Tuesday, August 21, 2007

Interwoven's New Search Tools

I saw a preview of two new search tools from Interwoven. I think they will dramatically improve the ability of users to pull relevant information from their document management system.

[Disclaimer: Shortly after their presentation, Interwoven brought me and dozens of others to EPCOT for dinner, followed by a private desert reception overlooking the fireworks.]

The first tool is their WorkSite Miner tool. It is an improved search tool built into the Interwoven application. The results are returned in their typical results grid. But, you can group the results based on any column of information. This feature looks like it operates similar to the grouping function in Outlook. You grab the column heading with your mouse and drag it into the table header. You can pull additional column headings to have multiple layers of grouping.

In connection with this tool, they also made a simple search box available. This new search box operates outside the application and can be pulled up at any time using desktop commands.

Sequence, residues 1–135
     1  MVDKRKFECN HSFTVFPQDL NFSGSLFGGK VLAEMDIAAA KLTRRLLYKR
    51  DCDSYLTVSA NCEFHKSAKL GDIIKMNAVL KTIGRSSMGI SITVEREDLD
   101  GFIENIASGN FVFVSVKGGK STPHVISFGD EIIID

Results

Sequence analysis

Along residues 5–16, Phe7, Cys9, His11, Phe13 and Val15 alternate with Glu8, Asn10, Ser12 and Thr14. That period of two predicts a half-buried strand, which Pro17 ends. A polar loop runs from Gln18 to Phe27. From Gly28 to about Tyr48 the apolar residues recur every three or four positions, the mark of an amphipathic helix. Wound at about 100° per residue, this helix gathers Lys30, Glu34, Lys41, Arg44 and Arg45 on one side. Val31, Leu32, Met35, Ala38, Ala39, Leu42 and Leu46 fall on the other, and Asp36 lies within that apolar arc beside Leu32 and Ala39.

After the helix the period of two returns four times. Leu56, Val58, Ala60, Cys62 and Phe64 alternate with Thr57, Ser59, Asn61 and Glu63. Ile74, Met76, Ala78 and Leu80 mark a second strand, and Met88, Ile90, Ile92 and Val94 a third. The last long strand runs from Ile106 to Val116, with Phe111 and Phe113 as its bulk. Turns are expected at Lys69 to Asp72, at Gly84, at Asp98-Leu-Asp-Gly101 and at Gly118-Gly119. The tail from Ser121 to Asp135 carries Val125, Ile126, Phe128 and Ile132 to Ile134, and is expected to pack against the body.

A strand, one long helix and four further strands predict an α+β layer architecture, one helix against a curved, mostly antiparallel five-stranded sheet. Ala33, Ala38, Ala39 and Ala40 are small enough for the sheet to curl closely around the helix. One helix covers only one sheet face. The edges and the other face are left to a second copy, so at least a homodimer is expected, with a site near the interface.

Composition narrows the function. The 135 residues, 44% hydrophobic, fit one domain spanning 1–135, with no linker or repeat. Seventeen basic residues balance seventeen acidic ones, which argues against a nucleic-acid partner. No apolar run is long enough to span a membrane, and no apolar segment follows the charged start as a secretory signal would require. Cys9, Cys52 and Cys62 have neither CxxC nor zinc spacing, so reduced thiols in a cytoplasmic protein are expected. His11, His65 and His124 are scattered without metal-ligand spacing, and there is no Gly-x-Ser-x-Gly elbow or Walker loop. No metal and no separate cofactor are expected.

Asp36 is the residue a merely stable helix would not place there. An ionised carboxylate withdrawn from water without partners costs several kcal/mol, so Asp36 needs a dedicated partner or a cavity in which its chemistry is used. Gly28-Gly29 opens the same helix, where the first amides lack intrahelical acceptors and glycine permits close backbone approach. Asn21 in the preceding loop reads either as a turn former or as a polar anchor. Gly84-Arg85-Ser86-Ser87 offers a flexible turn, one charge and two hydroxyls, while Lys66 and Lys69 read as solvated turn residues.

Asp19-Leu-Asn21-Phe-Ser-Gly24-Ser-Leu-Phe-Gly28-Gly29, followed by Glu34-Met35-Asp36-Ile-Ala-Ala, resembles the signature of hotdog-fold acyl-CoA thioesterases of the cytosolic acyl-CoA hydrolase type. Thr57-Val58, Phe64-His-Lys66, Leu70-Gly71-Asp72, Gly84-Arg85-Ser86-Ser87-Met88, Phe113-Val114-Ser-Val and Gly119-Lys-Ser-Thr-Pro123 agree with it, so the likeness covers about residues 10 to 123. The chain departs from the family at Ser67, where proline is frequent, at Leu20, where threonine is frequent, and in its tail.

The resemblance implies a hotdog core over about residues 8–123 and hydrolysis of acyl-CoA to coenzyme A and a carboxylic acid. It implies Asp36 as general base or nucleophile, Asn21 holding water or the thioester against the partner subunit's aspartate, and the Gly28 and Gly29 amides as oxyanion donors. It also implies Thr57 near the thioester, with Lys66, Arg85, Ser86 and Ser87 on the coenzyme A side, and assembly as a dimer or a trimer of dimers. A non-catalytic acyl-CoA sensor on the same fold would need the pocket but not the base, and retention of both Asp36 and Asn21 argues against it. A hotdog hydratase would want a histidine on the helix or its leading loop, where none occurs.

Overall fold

The second tool is their new Universal Search. This is a new enterprise search tool powered by Vivisimo's Velocity search tool. The Universal Search has faceting searching that allows you to focus a broad search using the document metadata. You can filter documents by a particular client, document type, or whatever else you force your users to profile on a document when they save it into Interwoven.

It also has the semantic clustering of topics in the documents from Vivisimo (To see how this works, try some searches on Clusty.com, which is powered by Vivisimo.)

The Universal Search can be set up to index other datasources, such as your intranet, CRM or other information repository. Also, when you search, you can limit your search to a particular repository. Out of the box, it will have connectors for SharePoint, some CRM systems and email systems.

I really liked their approach to limit the date range. They show a histogram with a graphical representation of the number of results on each particular date. You can use a simple slider to limit the date range and visually see the volume of documents being included or excluded. This looks much easier to deal with as compared to using a pop-up calendar to limit and supplies much more information to the user.

The Universal Search will also have an alert feature. When new items would be returned by the search, it will show the new additions to the results set.

Universal Search is targeted for release at the end of September 2007.

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